Gout is a form of arthritis that is characterized by sudden, severe attacks of pain, redness and tenderness in joints, frequently at the base of the big toe. When an attack of gout occurs, the pain can be so severe requiring a trip to the emergency room for relief.
Gout occurs when urate crystals accumulate in your joint, causing inflammation and a severe attack of intense pain. Urate crystals can form when you reach high levels of uric acid in your blood. Uric acid normally dissolves in your blood and passes through your kidneys into your urine. However, sometimes your body can either produce too much uric acid or your kidneys can excrete too little uric acid. In either case, uric acid builds up, forming sharp, needle-like urate crystals in a joint or surrounding tissue causing pain, inflammation and swelling.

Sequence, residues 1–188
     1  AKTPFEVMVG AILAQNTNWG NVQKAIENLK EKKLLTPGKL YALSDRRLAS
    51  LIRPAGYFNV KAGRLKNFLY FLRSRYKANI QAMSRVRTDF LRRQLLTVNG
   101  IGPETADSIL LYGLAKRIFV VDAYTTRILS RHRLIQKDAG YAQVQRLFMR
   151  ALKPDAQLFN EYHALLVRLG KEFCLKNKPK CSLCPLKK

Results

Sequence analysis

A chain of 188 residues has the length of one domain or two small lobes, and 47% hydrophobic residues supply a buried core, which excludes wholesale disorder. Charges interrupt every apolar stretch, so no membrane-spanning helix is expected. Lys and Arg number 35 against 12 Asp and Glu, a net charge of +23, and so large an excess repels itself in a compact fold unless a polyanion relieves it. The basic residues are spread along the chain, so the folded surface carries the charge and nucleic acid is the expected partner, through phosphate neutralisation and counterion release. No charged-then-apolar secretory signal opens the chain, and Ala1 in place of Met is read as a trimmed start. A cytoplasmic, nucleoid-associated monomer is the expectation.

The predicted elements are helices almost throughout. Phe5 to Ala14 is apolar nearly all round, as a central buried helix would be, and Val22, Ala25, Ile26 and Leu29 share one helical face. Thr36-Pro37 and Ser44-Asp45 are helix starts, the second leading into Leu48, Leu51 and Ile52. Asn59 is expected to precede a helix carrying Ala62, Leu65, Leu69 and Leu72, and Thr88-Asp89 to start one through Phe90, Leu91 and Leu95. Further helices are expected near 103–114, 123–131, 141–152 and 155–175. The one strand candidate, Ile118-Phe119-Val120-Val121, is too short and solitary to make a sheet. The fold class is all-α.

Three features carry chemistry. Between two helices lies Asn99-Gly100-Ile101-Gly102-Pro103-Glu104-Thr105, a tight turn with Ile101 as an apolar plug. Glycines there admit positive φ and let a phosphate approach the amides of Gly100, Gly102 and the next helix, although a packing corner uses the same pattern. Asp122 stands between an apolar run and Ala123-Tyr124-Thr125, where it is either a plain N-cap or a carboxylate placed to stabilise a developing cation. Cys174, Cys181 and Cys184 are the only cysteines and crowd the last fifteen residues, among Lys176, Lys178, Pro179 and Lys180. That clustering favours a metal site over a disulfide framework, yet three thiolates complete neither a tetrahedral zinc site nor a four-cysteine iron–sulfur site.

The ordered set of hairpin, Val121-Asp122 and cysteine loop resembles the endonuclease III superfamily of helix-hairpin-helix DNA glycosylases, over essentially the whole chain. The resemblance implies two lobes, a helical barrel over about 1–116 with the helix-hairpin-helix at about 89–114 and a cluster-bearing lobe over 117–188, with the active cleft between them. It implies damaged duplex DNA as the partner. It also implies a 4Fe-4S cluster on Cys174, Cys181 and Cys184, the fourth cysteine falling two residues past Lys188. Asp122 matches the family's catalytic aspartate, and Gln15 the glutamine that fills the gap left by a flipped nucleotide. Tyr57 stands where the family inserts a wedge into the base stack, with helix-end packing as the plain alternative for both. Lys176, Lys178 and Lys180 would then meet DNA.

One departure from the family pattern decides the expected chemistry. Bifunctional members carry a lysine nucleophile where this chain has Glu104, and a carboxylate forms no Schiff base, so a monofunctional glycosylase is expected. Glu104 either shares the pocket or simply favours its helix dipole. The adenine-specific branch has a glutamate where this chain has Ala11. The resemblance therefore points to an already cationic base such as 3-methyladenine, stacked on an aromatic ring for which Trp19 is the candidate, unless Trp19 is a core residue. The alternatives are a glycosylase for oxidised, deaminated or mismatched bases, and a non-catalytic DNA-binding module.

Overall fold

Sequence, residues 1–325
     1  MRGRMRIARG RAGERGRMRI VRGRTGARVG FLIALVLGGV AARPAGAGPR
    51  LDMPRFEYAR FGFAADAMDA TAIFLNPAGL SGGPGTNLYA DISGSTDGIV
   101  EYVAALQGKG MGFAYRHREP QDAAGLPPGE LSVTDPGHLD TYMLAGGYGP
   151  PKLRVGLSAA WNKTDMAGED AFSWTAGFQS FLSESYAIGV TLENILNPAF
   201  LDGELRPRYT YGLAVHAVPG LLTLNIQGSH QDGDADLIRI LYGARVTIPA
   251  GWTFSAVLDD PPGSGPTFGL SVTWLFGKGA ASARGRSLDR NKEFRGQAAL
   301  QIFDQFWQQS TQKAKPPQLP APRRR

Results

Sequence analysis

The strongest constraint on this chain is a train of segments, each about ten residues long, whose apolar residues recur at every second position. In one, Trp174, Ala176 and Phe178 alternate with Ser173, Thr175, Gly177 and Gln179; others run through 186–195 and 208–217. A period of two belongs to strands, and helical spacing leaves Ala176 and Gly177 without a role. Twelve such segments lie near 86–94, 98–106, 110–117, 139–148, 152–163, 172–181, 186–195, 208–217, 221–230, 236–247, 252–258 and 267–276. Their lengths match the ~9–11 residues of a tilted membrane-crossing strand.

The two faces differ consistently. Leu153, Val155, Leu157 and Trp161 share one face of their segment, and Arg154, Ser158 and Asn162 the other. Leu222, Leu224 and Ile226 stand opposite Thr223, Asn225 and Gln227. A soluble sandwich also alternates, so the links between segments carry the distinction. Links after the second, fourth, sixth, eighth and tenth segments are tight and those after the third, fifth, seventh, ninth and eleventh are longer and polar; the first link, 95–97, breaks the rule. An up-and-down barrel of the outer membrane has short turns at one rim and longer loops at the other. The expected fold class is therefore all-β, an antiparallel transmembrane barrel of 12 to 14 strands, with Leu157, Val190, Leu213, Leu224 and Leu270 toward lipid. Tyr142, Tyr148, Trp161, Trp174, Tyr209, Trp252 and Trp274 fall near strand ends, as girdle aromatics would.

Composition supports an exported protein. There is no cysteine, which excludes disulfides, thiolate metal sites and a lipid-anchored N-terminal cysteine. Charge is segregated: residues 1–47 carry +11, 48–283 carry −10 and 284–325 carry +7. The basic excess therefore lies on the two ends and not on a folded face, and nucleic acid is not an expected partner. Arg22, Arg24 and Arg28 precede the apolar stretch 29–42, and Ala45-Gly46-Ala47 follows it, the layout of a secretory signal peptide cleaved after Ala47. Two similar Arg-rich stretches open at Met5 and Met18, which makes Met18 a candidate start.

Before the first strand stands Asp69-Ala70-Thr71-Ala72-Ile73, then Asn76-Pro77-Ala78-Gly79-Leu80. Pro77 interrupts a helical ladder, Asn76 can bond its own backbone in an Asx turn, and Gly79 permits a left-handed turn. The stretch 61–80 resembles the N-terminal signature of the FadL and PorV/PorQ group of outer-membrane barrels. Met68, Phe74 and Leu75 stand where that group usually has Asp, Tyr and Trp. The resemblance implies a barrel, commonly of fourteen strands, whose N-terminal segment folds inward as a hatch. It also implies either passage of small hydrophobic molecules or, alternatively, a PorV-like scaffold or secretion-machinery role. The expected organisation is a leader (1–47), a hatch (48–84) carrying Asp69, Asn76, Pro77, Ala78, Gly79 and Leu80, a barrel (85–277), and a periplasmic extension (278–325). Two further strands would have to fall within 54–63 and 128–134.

In most cases, the signs and symptoms of gout are acute, occurring suddenly, and mostly at night, without warning. Symptoms include:
- Sudden and severe attacks of pain
- Stiffness and swelling of affected joints
Gout treatments focus on easing the pain associated with gout attacks, prevent future attacks, and reduce risks of long-term damage to affected joints. Through proper monitoring and treatment, patients can avoid gout flare ups and also prevent long-term joint damage.